By Stuart M. Bordman
It was the 1970s and physicians, dentists, lawyers and CPAs were incorporating their practices. It seemed like a good idea and it was a good idea. You and your partner (now your fellow shareholder) incorporated your accounting practice and benefited from all of the tax benefits available and accumulated sizable account balances in your retirement plans. There was no reason to make an S election and your professional corporation (“PC”) has always been a C corporation.
You incorporated in the 70s and now you are in your 70s and it is now time to think about selling the practice and enjoying the good life. You are in very preliminary discussions with a regional firm that desires to buy your practice and allow you to phase out on a mutually agreeable basis. You inform your corporate attorney of your preliminary discussions and he reminds you that substantial tax savings can be achieved by allocating a portion of the sale price to personal goodwill. You now remember reading about cases in which “personal goodwill” was sold by the individual shareholders and equipment, receivables, etc. were sold by the PC. If there is no allocation to personal goodwill sale proceeds will be subject to taxation twice: once at the corporate level and again at the shareholder level with respect to the distribution of the after-tax sale proceeds from the PC. If the personal goodwill is sold by the shareholder it will be taxed at capital gain rates.
You ask your attorney if you can allocate a portion of the purchase price to personal goodwill and he says he will take a look at the issue and get back to you.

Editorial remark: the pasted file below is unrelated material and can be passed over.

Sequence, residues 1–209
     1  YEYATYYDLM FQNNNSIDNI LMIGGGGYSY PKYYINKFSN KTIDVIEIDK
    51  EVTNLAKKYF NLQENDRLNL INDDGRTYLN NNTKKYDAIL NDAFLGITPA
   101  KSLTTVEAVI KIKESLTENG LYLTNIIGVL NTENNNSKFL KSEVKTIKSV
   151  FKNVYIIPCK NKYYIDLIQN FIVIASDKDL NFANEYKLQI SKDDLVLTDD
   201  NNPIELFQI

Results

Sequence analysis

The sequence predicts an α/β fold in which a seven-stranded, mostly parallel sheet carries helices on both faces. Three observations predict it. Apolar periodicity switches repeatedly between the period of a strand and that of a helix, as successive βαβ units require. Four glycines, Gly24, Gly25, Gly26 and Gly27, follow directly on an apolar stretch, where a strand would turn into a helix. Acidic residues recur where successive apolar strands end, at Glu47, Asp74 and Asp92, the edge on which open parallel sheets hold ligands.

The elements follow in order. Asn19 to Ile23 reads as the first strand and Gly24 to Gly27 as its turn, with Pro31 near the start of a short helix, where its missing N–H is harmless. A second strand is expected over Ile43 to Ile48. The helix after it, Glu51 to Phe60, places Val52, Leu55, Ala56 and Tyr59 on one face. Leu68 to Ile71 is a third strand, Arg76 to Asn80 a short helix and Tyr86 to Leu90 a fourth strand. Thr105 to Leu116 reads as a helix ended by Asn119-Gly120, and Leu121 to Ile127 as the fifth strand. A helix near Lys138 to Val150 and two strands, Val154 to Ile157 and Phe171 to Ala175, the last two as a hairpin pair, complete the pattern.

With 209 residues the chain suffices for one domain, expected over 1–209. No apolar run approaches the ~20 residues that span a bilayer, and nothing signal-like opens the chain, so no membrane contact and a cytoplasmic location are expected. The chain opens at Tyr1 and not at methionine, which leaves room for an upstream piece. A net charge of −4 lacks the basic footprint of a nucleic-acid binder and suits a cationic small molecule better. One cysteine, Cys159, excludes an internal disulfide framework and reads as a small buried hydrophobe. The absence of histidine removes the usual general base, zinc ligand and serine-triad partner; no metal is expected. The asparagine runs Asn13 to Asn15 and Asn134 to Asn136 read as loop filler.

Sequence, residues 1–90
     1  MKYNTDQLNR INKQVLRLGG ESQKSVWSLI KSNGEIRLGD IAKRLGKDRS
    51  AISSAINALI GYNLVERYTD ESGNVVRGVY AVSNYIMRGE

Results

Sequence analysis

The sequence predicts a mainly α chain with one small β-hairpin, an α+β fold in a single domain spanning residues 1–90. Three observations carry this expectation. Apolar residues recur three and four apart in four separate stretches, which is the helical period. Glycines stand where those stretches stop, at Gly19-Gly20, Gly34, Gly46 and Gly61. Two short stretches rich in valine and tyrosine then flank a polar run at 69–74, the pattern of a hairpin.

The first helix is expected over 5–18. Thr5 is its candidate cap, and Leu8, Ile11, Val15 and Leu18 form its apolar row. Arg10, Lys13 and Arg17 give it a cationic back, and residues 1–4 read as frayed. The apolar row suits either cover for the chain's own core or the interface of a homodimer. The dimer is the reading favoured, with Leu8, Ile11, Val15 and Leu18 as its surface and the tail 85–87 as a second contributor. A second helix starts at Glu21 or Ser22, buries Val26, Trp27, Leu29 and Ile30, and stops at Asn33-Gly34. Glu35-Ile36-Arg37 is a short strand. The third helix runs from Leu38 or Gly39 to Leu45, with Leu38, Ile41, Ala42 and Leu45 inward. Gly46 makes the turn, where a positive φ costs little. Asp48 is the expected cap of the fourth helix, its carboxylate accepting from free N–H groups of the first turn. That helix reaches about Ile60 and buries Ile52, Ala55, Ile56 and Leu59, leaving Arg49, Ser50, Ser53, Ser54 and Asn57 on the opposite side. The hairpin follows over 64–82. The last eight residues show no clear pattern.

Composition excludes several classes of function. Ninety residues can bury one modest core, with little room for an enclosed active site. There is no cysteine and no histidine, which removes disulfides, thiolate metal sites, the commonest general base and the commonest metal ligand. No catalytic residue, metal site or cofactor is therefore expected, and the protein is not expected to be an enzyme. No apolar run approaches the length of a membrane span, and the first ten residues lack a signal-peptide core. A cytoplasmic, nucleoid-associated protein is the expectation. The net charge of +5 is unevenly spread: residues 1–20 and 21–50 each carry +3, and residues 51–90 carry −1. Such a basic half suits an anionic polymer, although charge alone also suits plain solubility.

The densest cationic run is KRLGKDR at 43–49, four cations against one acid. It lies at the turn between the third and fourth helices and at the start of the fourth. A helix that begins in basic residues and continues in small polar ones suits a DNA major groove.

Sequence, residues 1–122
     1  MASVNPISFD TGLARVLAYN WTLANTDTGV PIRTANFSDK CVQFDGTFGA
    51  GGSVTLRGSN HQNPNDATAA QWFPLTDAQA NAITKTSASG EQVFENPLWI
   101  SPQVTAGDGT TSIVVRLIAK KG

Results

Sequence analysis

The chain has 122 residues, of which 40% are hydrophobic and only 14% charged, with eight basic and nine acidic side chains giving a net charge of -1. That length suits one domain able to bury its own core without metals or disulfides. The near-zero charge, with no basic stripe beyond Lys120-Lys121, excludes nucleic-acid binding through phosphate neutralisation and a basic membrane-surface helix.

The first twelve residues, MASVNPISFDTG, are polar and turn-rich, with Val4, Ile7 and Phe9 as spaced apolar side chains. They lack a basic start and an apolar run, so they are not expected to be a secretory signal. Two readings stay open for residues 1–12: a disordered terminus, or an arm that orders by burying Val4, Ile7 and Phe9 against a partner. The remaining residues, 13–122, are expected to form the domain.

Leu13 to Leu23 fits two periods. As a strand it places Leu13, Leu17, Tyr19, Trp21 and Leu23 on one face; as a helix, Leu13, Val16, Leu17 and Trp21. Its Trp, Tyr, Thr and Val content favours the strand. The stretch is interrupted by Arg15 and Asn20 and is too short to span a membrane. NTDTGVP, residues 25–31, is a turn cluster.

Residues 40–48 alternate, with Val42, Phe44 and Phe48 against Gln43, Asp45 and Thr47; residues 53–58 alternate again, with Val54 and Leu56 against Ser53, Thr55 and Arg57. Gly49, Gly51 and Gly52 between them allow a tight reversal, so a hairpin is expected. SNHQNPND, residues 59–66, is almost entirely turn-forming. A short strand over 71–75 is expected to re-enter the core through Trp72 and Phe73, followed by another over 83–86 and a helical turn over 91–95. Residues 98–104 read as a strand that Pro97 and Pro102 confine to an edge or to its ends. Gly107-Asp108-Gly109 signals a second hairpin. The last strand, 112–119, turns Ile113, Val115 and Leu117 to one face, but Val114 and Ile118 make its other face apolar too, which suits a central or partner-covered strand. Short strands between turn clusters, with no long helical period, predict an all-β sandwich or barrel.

A few days later, your attorney calls and reminds you that when the PC was formed, you and your fellow shareholder entered into employment agreements and a stock redemption agreement. He tells you the relevant provisions of each agreement regarding the allocation issue are as follows:
The employment agreement provides that if you separate during lifetime you receive a severance bonus, but no bonus will be paid if within two years after separation you perform services for any person or entity who was a client at any time while you were employed by the PC.
Under the stock redemption agreement, if you wish to sell during lifetime you must tender a written offer of your entire holding to the PC. The sale price would be accrual basis book value. However, if at any time within two years after separation from the PC you perform services for any person or entity who was a client at any time while you were employed by the PC, the purchase price for your shares will be $5,000.
Your attorney tells you about the leading case in the area, Norwalk v. Commissioner, 76 TCM 208 (1998). Norwalk was an incorporated accounting practice with two shareholders who wanted to join a larger practice. In order to join the larger firm, the two Norwalk shareholders liquidated their corporation. The issues before the court were: (i) whether the corporation realized a gain on the distribution of its intangible assets to its shareholders in liquidation, and (ii) whether the shareholders realized a capital gain on receipt of property from the corporation in a liquidating distribution.